What is your favorite color? Mine is red so when I was asked to participate in a collaborative project from Martingale Publishing, I jumped at the chance.
In 2011, I was able to attend the Infinite Variety: Three Centuries of Red and White Quilts exhibit in New York City. If you are a quilter, you would understand when I say this was a religious experience. 650 red and white quilts from the collection of Joanna S. Rose were exhibited in Park Avenue’s 55,000 sq. ft. Armory’s Wade Thompson Drill Hall. Mrs. Rose celebrated her 80th birthday by creating this exhibit and sharing it with all of us.
Walking up the steps to the Armory everyone was a-buzz with excitement, but as soon as the doors opened, there was silence. Everyone’s breath was taken away with the greatness of the exhibit and the venue. Quilter’s from all over the world attended the exhibit along with historians, educators, children, and artists. To read more about this exhibit, visit Park Avenue Armory.
I left there hoping to make 1 red and white quilt a year. I have made 3 since 2011 so that was another reason I wanted to participate in this book. Now I have 4 red and white quilts along with patterns for several more.
The fun of making scrap quilts is that I sew bits and pieces together and let the plan develop as I go. I always ask my quilting friends, “Do you cut out the entire quilt before you get started, or do you cut some pieces and test your color choices before you cut the entire quilt?”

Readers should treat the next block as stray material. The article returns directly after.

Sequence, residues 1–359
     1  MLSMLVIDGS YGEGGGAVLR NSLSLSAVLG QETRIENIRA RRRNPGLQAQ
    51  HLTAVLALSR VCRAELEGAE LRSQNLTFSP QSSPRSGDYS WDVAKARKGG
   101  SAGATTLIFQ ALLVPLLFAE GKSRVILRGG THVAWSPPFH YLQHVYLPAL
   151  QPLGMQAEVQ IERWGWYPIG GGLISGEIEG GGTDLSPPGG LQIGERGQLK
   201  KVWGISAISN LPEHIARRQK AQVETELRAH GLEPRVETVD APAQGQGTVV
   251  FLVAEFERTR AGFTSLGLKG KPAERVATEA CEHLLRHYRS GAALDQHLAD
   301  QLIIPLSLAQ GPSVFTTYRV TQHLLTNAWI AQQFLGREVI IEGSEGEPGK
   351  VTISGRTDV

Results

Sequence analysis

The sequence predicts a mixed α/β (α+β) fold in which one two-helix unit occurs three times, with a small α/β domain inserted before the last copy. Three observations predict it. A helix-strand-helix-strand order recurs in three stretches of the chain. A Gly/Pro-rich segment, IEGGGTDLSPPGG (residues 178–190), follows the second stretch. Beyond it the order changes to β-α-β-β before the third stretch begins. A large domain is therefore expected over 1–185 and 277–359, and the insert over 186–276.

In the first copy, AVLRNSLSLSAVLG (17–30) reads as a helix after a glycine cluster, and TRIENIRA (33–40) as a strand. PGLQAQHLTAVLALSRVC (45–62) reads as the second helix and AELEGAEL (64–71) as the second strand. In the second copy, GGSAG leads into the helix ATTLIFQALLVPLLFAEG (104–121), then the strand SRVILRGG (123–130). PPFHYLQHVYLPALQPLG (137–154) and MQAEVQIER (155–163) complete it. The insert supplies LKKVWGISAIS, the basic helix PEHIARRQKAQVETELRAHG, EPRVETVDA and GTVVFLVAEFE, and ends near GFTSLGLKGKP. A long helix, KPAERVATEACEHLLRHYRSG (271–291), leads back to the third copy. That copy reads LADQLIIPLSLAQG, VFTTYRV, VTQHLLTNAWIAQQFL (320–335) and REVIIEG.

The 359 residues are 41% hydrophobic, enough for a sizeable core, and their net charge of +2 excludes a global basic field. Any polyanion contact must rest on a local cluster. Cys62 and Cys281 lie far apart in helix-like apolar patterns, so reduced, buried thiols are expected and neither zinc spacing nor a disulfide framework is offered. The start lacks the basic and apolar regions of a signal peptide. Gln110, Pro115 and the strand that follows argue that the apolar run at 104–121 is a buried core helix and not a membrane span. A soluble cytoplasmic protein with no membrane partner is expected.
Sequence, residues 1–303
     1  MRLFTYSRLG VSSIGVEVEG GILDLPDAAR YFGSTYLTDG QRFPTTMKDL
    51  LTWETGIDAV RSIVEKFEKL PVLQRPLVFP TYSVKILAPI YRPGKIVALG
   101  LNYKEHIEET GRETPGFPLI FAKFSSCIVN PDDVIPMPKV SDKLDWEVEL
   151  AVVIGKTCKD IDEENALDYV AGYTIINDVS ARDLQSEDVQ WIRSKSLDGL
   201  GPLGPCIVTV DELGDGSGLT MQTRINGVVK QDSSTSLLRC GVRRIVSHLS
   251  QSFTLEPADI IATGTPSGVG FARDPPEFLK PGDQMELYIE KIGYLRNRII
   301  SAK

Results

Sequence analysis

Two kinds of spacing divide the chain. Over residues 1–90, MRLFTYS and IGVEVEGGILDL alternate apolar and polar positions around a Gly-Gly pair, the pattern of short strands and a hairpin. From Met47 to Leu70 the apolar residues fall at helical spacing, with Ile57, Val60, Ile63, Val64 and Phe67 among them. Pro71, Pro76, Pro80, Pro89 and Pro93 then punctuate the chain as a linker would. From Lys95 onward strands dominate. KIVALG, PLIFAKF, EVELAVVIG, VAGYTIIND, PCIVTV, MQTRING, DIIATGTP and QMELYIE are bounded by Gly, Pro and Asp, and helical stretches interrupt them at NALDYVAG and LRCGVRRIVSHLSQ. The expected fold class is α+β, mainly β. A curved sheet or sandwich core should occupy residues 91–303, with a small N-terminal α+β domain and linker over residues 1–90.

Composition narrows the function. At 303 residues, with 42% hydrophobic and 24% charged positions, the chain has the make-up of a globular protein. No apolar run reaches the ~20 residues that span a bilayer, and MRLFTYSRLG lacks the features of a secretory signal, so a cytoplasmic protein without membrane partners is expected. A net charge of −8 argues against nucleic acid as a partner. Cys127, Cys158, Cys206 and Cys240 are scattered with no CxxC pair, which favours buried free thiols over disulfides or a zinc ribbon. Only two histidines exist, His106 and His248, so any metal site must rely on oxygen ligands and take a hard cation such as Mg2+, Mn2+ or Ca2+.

I think I have always done the latter and maybe that is because of my love of scraps quilts.
And because of this I often have some leftovers in quilting, not in cooking. I added more squares and had enough pieces from my Izzy Squared quilt (large version) to make a baby quilt.
Thought this would be a good time to talk value which is basically one word for light, medium or dark. If you haven’t read Oh Scrap yet, the book is full of color coordinated quilts that push the envelope a little bit in the study of value and fabric placement.